The National Security Agency was forced to de-classify a document, the contents of which make it easy to see why the snoops wanted it kept secret.
In an 85-page ruling handed down by Foreign Intelligence Surveillance Court (commonly known as the FISA court) judge John D. Bates, the NSA was called out “for repeatedly misleading the court that oversees its surveillance on domestic soil, including a program that is collecting tens of thousands of domestic e-mails and other Internet communications of Americans each year,” the New York Times reported on Thursday.
Bates found that the NSA routinely misled the court as to the scope of its domestic surveillance activities.
“The court is troubled that the government’s revelations regarding N.S.A.’s acquisition of Internet transactions mark the third instance in less than three years in which the government has disclosed a substantial misrepresentation regarding the scope of a major collection program,” former FISA court chief judge Bates wrote in his ruling.
Most of the secret NSA programs recently brought to light by the Edward Snowden leaks are mentioned by Bates as being evidence of the NSA’s blatant disregard for the Constitution and for legal limits on its surveillance authority.
“Contrary to the government’s repeated assurances, N.S.A. had been routinely running queries of the metadata using querying terms that did not meet the standard for querying,” Judge Bates recounted. He cited a 2009 ruling that concluded that the requirement had been “so frequently and systematically violated that it can fairly be said that this critical element of the overall ... regime has never functioned effectively.”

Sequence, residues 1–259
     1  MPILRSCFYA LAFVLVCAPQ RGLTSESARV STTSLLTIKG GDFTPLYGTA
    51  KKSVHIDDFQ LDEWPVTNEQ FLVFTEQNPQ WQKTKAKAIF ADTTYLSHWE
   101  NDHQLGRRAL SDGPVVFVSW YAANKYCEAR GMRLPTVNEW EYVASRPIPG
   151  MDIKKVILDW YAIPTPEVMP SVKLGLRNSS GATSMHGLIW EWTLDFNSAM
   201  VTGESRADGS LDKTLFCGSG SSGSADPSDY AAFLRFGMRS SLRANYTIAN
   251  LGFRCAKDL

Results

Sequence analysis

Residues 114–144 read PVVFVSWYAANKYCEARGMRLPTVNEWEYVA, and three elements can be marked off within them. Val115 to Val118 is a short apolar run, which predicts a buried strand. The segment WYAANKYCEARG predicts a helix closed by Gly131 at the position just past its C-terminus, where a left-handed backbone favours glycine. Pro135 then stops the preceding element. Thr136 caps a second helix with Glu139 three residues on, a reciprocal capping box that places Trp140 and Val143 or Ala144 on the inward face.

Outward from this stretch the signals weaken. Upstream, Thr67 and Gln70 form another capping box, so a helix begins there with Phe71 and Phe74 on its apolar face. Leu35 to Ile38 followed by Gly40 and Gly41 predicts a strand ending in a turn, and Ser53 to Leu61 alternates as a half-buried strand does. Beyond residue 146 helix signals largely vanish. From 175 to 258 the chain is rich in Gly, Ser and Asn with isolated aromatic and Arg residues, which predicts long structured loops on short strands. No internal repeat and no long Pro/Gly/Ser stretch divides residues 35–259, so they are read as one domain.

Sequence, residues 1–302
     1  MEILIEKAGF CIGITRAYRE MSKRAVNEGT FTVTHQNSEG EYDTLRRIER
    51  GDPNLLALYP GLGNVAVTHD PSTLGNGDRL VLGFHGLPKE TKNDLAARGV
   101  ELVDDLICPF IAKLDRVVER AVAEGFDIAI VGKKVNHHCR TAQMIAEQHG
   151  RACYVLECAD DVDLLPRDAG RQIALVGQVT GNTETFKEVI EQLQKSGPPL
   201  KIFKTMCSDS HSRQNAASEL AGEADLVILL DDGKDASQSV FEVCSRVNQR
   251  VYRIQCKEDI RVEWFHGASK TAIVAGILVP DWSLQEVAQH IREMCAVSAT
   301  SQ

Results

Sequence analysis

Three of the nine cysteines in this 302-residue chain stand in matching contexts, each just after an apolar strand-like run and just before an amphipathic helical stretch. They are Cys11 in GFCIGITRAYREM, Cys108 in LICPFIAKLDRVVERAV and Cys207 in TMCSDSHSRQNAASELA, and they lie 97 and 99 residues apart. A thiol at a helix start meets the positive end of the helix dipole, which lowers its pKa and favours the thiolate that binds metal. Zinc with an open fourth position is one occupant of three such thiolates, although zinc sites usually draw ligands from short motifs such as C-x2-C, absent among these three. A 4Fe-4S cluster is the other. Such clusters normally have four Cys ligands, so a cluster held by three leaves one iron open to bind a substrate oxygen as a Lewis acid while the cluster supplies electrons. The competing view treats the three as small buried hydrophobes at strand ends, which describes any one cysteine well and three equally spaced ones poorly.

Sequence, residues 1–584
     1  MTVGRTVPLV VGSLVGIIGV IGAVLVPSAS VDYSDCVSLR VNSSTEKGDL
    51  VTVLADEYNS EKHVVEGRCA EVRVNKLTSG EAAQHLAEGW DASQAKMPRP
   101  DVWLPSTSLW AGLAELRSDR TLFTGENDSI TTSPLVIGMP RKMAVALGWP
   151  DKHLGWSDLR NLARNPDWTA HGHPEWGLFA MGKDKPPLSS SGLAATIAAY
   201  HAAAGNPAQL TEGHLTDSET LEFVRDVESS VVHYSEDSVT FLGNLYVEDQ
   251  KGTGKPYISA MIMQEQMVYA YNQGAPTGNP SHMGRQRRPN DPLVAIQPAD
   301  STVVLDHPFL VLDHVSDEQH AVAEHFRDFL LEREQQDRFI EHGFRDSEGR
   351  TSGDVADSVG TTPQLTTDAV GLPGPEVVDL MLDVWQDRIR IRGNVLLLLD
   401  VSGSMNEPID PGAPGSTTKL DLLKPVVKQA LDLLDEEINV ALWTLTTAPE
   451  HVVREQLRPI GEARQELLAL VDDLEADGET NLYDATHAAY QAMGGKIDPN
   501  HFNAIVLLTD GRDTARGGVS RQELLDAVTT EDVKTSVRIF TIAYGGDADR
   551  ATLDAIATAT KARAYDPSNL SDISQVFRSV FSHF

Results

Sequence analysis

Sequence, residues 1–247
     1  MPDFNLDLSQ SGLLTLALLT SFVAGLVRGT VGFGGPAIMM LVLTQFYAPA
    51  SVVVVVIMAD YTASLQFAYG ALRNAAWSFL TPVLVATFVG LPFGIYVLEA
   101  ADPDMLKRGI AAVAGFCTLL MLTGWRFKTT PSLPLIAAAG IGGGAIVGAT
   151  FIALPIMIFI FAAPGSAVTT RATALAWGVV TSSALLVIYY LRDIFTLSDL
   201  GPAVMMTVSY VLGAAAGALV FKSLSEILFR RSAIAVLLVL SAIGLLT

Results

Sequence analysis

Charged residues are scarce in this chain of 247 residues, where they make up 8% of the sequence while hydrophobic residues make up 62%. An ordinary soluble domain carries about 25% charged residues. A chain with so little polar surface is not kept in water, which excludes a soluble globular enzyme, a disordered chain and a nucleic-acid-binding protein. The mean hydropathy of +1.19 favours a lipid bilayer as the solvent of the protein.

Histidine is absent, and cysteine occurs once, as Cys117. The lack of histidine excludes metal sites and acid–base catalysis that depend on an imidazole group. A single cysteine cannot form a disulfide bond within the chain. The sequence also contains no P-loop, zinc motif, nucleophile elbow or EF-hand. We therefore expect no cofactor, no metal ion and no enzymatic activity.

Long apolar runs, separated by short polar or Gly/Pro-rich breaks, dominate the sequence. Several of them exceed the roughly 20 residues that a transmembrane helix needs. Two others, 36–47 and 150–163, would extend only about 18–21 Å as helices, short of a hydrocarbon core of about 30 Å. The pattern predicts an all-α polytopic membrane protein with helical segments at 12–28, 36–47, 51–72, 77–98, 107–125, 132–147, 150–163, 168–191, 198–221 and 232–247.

In a statement, Senator Ron Wyden (D-Ore.), a familiar foe of government abrogation of the Fourth Amendment, said it was about time Bates’ ruling was released by the government.
While the declassification of the FISA court’s ruling on the constitutionality of Section 702 collection procedures is an important addition to the public discussion being held on government surveillance authorities, its declassification is long overdue. And while the NSA eventually made changes to its minimization procedures in response to this ruling, the very collection it describes was a serious violation of the 4th Amendment and demonstrates even more clearly the need to close the back-door searches loophole that allows for the communications of Americans to be searched without a warrant if they are swept up under procedures that were intended to target foreigners.
Moreover, the ruling states that the NSA has knowingly acquired tens of thousands of wholly domestic communications under section 702 of the Foreign Intelligence Surveillance Act, even though this law was specifically written to prohibit the warrantless acquisition of wholly domestic communications. The FISA Court has noted that this collection violates the spirit of the law, but the government has failed to address this concern in the two years since this ruling was issued. This ruling makes it clear that FISA Section 702, as written, is insufficient to adequately protect the civil liberties and privacy rights of law-abiding Americans and should be reformed.